The overall age–adjusted death rate remained stable during the 2006–2009 quadrennium, but with the highest rates for both men and women being recorded in the northeast and northwest regions. The most frequent causes were diseases of the circulatory system (30%), followed by tumors (20%), infectious diseases (19.6%), and external causes (6.4%), while 8% of deaths were from ill–defined causes.
The pattern of proportional mortality during the 2006–2009 quadrennium was comparable to that of 2004, except that infectious diseases were more frequent and there was a smaller proportion of "all other causes." Age–adjusted death rates for all causes as well as for each cause were higher in men than in women, and this disparity was even greater for external causes. During the quadrennium, mortality from diseases of the circulatory system declined by 6.2%, from neoplasms by 3.8%, and from external causes by 5.2%.
In 2009, the number of years of potential life lost (YPLL) nationwide due to all causes was 681.50 per 10,000 population. Throughout the quadrennium, this figure was higher in the northeast and the northwest regions. External causes and neoplasms were responsible for the highest number of YPLL overall in the country, while infectious diseases were the main cause in the northeast and the northwest regions, and diseases of the circulatory system and neoplasms in the central region.
Dengue is epidemic in Argentina, and outbreaks have been recorded every two or three years since 1998. The worst dengue outbreak in the country occurred during the first half of 2009, with 26,923 confirmed cases. This outbreak affected areas with no previously recorded cases of dengue, including the Andean areas of Catamarca and southern Tucumán, which are generally low–risk for transmission, and densely populated urban areas such as Buenos Aires. The dengue virus type 1 was circulating, and the case–fatality rate was 1.86 per 10,000 confirmed cases (5 out of 26,923). Total cases of malaria declined during the 2006–2010 quinquennium, and the cases were concentrated in Salta and Misiones provinces, with residual foci susceptible to short–term elimination. Jungle yellow fever reemerged in 2008, with nine human cases confirmed in Misiones province. Another transmission episode occurred in 2009, resulting in two deaths.
Of the 19 provinces at risk for vector–borne transmission of Chagas' disease, 5 certified its elimination as of 2004 and 1 as of 2011. Reports of vector–transmitted acute Chagas' disease have declined gradually: 26 cases were reported in 2008, 7 in 2009, and 5 in 2010 (in Santiago del Estero and Chaco).
Visceral leishmaniasis is a new phenomenon in the northeastern part of the country, with 79% of the cases being reported in Misiones province, and with 23, 22, and 21 cases reported in 2008, 2009, and 2010, respectively. In 2009, 150 cases of cutaneous leishmaniasis were reported, 64% of which occurred in the northwest and 33% in the northeast.
The last cases of measles due to indigenous transmission were detected in 2000 in Córdoba province. Several cases of imported or import–related measles were reported in 2009 and 2010. Indigenous rubella transmission was successfully interrupted in 2009. The last two cases reported in Argentina occurred during the first five weeks of 2009 and were the last cases of indigenous rubella transmission in the Americas. The last case of congenital rubella syndrome occurred in July 2009, and the last neonatal tetanus case was reported in 2002. Only two, sporadic cases of diphtheria were reported for the 2000–2010 period, one in 2000 (Santa Fe province) and the other in 2003 (Misiones province). The number of reported cases of Haemophilus influenzae type b infection remained at between 15 and 35 per year over the 2000–2010 period.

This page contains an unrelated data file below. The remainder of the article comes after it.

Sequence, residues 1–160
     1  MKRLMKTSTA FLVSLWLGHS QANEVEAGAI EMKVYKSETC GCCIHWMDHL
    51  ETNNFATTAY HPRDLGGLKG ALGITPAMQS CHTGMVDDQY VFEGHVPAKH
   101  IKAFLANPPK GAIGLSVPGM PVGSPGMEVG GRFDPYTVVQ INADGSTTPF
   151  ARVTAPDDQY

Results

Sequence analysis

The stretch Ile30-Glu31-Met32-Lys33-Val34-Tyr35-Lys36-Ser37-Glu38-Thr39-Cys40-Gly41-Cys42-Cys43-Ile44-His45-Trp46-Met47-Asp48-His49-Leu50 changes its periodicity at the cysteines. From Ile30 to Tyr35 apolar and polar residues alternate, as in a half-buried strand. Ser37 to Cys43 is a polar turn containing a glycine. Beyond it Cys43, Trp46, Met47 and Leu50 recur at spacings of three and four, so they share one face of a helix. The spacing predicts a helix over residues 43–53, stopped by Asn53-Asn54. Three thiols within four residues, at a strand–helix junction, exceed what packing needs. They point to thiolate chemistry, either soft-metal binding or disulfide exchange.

Whooping–cough control is still a challenge. The number of reported cases rose throughout the country, and with substantial differences among the regions and the provinces.
The hepatitis A vaccine was introduced into the national vaccination schedule in 2005. This measure led to a reduction in the national rate beginning in 2005 and to the virtual disappearance of the burden of acute liver failure associated with hepatitis A virus in children and adolescents. Between 2004 and 2007, 61 cases of acute liver failure were reported, 41 of which required a liver transplant. In contrast, just one case of acute liver failure was reported between 2008 and 2010. The hepatitis B vaccine is part of the national vaccination schedule for newborns and infants, for adolescents age 11 years, and for special population groups. The rate of hepatitis B cases reported declined progressively beginning in 2000 and remained steady during the 2006–2010 quinquennium. The rate of reported mumps cases fell 40% over the 2006–2010 quinquennium. Chickenpox was the most prevalent of the vaccine–preventable diseases, with a national rate of 449.43 per 100,000 population in 2010. Despite differences observed among the provinces, they all reported rates above 200 per 100,000 population.
In 2009, coverage of the third dose of the quadruple bacterial or pentavalent vaccine, the third dose of Sabin vaccine (oral polio vaccine), and the triple viral vaccine administered at 1 year of age was 94%, 95%, and 99%, respectively, with substantial differences among municipalities. Coverage of the hepatitis B vaccination during the first 24 hours of life was 81.5% in 2009, and 90.4% of newborns were given the BCG vaccination in the first seven days of life.
The last case of human rabies in the country was recorded in 2008. Reports of canine rabies showed a downward trend (28 cases in 2006, 42 cases in 2007, 26 cases in 2008, and 6 cases in 2009, the majority in Jujuy province). Vaccination coverage was 75% overall, with a higher percentage in higher–risk areas. An average 384 cases of hydatidosis were reported annually in the 2006–2009 quadrennium; the highest rates (1.12 per 100,000 population) were reported in 2006 in the Patagonia region. Trichinosis showed an upward trend, with a rate of 0.26 per 100,000 population in 2006 and 1.6 per 100,000 population in 2010.
Neglected Diseases and Other Infections Related to Poverty